I'll admit it. Since getting a Garmin this summer, I've been addicted to the data. I sync that sucker as soon as I get home; often looking with an eye toward future improvement. Split times, heart rate, elevation profiles, caloric burn - sweeeeeet data.
I couldn't help but go over the numbers. I'll spare you the long, detailed analysis. In short - I've concluded that I over trained. I feel like I went out and ran at a pace much too close to my intended race pace for the majority of my training runs, even my long runs. Macmillan and Daniels calculators both put me at about 45-60 seconds slower than what I ran at. Never was this more evident than the marathon itself, where my HR was way too high, and I had to slow down to finish.
I ran the day after. Ill-advised? Maybe. But I really needed to loosen things up so that I could stretch out. I ran incredibly slow. It hurt a little bit. I stretched. It hurt less. I took a day or two off. I ran again. I took a day or two off. I ran slow - partly due to recovery, partly because I want to start training in lower HR zones to work on efficiency. I've been going out for painfully slow zone 2 runs.
Slowly, but surely, I am seeing some gains. At first, these low zone runs were well up above 10:30 pace. But during some recent runs, I've felt like my perceived level of effort is less, and sure enough, upon consulting the all knowing oracle on my wrist, I was running sub-10, sometimes closer to marathon pace, in the high zone 2/low zone 3 ranges. Not consistently, but more frequently than during my training. Pretty happy about the signs of progress. Very happy that I've been able to get out and run so shortly after the marathon. Even happier still that I've been out on a bunch of new routes so closer to my house - in the woods.
The woods are lovely, dark and deep...
One week after the marathon, I ran the Groton Town Forest Trail Race and had a blast. Since then, I've gone out into the conservation land near my house and discovered at least a dozen new routes to run on. I have to say, I am becoming a trail running addict! I love the change in scenery, the in-the-moment nature of a run over rocks and roots, the joy of uncovering a path along the river. Poor timing I suppose, as I it'll be icy and wet soon, and I may need to give up the trails once the snowfall starts to accumulate. But, I have had some fantastic runs during the daylight hours, out in the woods.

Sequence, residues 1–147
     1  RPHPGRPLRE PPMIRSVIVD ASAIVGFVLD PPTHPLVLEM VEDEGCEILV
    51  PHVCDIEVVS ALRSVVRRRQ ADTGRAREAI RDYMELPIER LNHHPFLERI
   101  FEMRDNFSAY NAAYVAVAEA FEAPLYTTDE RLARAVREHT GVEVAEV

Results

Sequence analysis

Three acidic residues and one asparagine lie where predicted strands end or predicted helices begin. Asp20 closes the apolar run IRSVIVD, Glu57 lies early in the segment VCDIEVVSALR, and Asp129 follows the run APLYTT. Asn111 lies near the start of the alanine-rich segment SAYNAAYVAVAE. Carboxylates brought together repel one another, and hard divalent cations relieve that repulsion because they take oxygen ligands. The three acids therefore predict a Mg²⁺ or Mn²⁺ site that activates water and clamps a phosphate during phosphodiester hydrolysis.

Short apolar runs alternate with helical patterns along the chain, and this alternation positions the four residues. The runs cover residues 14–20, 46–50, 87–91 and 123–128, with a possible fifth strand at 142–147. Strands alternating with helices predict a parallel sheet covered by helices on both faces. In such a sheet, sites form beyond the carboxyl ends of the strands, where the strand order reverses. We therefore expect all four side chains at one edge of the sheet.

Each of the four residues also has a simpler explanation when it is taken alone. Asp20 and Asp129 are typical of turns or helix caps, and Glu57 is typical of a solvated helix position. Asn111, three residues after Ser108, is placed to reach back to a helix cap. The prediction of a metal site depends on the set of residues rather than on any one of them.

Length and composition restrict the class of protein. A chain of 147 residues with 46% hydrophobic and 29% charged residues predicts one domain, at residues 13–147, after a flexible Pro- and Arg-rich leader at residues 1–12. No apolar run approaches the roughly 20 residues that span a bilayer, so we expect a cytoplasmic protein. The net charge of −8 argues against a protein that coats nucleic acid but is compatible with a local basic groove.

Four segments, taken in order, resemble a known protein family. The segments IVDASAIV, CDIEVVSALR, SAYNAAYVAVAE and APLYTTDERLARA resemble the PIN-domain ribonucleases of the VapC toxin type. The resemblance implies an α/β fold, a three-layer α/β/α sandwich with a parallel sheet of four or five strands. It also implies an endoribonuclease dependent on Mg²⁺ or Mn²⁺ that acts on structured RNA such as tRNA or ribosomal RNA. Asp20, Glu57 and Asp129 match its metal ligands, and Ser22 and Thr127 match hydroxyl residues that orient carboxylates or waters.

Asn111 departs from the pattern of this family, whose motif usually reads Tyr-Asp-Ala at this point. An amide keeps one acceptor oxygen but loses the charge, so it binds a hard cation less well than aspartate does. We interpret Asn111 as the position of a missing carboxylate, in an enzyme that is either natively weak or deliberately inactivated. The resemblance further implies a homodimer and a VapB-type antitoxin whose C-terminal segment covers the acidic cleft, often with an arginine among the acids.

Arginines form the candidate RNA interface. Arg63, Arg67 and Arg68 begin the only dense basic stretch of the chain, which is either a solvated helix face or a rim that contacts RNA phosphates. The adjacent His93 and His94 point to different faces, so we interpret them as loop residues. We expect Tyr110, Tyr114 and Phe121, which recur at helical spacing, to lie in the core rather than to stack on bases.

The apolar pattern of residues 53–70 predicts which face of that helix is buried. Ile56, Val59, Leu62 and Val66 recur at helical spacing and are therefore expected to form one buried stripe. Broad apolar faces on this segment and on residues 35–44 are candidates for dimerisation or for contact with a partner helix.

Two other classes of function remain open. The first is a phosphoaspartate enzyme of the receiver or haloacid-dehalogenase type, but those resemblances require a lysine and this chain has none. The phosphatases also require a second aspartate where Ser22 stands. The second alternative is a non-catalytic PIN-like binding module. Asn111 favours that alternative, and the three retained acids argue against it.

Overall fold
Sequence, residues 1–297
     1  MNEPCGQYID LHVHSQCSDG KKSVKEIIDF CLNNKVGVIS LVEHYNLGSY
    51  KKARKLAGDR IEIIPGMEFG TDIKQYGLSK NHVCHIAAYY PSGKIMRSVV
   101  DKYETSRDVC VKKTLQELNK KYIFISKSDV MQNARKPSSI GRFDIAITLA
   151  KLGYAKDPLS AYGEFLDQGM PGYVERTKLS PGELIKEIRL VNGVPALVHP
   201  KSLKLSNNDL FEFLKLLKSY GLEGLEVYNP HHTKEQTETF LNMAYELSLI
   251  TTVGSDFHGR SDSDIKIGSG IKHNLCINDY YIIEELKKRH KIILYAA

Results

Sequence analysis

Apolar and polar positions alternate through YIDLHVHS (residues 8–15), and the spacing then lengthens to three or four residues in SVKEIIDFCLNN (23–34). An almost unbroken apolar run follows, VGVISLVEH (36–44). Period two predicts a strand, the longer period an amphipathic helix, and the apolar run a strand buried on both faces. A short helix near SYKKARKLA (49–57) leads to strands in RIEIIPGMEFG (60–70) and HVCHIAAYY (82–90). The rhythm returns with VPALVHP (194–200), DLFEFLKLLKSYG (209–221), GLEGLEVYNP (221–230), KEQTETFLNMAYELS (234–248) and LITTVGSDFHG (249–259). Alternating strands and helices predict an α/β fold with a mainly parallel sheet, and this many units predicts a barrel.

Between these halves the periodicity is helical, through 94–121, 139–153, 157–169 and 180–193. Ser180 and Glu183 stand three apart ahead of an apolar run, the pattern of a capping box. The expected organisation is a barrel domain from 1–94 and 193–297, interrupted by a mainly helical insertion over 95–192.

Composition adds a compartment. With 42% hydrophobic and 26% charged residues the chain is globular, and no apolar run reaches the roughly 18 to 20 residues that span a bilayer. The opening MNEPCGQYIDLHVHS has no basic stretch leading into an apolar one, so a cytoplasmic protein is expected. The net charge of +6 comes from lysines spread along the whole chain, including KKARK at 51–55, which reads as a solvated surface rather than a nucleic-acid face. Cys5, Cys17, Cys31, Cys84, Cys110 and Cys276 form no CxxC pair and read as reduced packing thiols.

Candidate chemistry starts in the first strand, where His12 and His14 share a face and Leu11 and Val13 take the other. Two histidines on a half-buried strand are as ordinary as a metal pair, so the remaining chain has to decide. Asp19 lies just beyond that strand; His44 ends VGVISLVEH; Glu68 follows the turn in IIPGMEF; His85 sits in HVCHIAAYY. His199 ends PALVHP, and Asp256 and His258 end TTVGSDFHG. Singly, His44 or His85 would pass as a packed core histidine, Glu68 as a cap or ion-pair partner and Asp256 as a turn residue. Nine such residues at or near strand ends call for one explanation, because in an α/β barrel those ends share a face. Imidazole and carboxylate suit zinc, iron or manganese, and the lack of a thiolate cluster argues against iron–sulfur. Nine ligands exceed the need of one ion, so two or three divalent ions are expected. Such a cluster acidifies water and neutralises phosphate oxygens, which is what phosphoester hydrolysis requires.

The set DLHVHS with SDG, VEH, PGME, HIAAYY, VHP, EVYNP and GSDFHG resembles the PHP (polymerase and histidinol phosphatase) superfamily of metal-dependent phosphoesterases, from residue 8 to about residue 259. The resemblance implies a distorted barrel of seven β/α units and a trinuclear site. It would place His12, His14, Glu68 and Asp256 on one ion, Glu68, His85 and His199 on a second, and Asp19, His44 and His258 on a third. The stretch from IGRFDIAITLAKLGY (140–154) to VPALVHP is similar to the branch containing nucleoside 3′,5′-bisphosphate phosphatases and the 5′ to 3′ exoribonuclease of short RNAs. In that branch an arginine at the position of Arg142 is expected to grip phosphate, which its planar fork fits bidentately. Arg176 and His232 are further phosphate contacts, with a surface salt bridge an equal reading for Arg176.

In the Dark
With the shorter days, I've been getting out on the roads in the early morning and evening for short 3-6 mile runs. Armed with my inexpensive headlamp and reflective vest, I've been having a blast out there in the darkness. While friends and family complain about daylight and the upcoming winter, I think about the opportunity to get out and run, regardless of light, temperature, precipitation or wind.
So what's Next?
I've got Slattery's Turkey Trot on Sunday. Going to run a nice five miler with Fishadad, most likely in the VFFs. After that, I'm running the Hot Chocolate Run in Northampton in December. I may also do the turkey trot in my town on Thanksgiving day, and I will most likely do the Freezer Five again on New Year's Day.
After that - who knows? I've got some vague ideas. On the list as potential goals/races for next year so far -
- Hampton Half in February
- Stu's 30k in March
- Boston! - I might pace run with my friend Rebecca, as she goes for a sub-5 finish
- USATF Mountain Series - more info - maybe training for...
- Vermont 50! - I'm going to be a part of this race in September in some way, shape or form. I'm not sure if that means I'll be crewing, or running the 50k, or going all in and running the 50 miler. In any event, I'm sure to be spending a lot more time on the trails next year.
- Smuttynose Full - depends on how VT50 plays out, but this is a possibility
Avoiding the Blues
When I completed Kona nine years ago, I took some time off afterwards. Everyone advised me to take some time to rest and let my body recover. For me, this also had the unfortunate side effect of introducing some post-marathon blues. I felt like there was nothing else to achieve, no goals to tackle. This led to a lull in exercise. However, I didn't stop eating like I was training. Thinking back on it now, it was probably the beginning of the weight gain. Today, this sounds completely silly. There are always new things to discover, new goals to set, new ways to keep pushing forward.
So anyways - it's been a month since I finished the marathon, and in that month I've run over 100 miles and found a bunch of new reasons to stay excited about running. I'm having a blast getting out there, and in fact, I'm in the midst of a 10-day running streak right now. I'm very grateful that I have the opportunity to be here now, to be blessed with so many awesome trails to run on so close to home, and to be healthy enough to get out there and enjoy them.
Until next time, run well my friends.